SAN JOSE, Calif. — The smart home is starting to look a little cluttered, and some of the remodelers are getting ahead of themselves, according to one of the more well-known carpenters.
More than a half dozen startups pitched ideas for the consumer Internet of Things at the Demo conference here. Most used Bluetooth Low Energy, and several showed software to link islands of home automation. In an on-stage interview, Matt Rogers, co-founder of Nest (below), took issue both with their choice in networks and strategy.
In the next year or two, we need more point products that solve real problems. When I see things that tie 20 devices together, I think that's premature. Even early adopters only have two or three products in their homes.
Nest just happens to have three products now: security cameras it acquired and smoke alarms and thermostats it designed itself. The company also has launched a program to let third parties work with its devices using the Thread protocol it is making an open spec.
We won't build everything ourselves. That's maniacally egotistical. To get a conscious home built, it will take a long time and a lot of great companies. The term “smart home” is too geeky, and the home shouldn't be smarter than you.
We think about… how the home can take care of you, and not make you take care of it. You have smartphones and tablets and are deluged with information. We don't want the home to be like that. Most of the time, it should be taking care of itself.
Though Bluetooth LE is gaining traction rapidly, it “was never designed for long-range use through the home the way it's being used now. It's being stretched,” he said. “For phone-centric apps, it's OK, but when you leave home, Bluetooth goes with you, so there's no communication left in the home.” His company uses a mix of WiFi and the 6LoWPAN-based Thread protocol.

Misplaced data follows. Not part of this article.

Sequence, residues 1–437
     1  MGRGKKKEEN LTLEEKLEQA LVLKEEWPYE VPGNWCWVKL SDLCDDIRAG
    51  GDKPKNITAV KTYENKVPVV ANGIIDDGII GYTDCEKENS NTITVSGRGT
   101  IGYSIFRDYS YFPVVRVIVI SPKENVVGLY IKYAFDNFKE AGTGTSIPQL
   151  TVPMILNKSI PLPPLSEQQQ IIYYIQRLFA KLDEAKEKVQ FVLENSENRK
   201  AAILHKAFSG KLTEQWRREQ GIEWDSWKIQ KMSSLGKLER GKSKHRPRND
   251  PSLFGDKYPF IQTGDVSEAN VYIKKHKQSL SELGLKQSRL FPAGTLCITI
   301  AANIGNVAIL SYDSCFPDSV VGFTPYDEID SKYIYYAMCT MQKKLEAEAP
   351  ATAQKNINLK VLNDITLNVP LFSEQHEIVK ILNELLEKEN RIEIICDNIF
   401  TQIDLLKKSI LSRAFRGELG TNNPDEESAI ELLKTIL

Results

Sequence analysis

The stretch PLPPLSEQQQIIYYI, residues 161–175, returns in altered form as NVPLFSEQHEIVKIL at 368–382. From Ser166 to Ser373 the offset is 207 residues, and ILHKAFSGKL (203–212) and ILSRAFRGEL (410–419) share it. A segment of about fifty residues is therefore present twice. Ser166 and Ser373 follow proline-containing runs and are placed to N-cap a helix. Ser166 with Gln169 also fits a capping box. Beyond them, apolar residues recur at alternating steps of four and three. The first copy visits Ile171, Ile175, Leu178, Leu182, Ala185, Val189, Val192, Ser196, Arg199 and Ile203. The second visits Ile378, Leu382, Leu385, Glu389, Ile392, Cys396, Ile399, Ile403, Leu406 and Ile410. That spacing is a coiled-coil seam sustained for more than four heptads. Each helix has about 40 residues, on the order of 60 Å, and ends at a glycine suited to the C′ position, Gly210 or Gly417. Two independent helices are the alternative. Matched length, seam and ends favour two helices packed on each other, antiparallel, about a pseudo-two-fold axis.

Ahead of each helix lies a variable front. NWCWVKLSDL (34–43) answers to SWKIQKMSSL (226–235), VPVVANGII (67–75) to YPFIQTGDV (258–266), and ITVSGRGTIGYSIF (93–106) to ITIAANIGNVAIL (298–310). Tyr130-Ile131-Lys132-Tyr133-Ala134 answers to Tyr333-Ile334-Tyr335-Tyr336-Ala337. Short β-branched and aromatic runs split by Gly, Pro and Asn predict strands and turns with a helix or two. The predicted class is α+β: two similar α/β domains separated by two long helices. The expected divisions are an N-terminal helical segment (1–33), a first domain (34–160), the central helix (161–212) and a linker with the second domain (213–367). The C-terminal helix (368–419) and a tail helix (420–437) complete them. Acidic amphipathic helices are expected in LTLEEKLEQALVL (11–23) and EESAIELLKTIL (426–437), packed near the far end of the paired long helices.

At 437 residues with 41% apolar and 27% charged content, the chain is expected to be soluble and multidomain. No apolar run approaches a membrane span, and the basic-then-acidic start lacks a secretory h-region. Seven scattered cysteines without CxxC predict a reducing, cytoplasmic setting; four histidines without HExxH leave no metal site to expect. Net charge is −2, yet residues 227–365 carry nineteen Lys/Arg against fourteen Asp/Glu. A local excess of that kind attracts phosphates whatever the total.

Rodgers did sympathize with the challenges of startups, and he shared some encouraging advice. Nest, acquired by Google in January, remains an independent company with its own board meetings, he said.
For startups, it's just as hard as it's always been, but there's a lot more propensity to launch startups these days. With our connections, we could call the CEO of TI, but even with that, it's still hard.
We had a full-time team in China our first year, and still, it was hard. Our manufacturing director was carrying suitcases of metal parts through airports, because FedEx was too slow. We never anticipated that.
I usually advise startups to not do Kickstarter. It's hard to commit to delivery dates. We had a seasoned team with 70 people by our launch, and we still didn't hit our exact schedule. There is a lot of availability of capital, and great ideas get funded. A lot of companies don't have great networks, but in one or two introductions, you can get a whole company funded.
To read more of this external content and view more slides of consumer IoT and home automation concepts, go to “12 startups I saw at Demo.”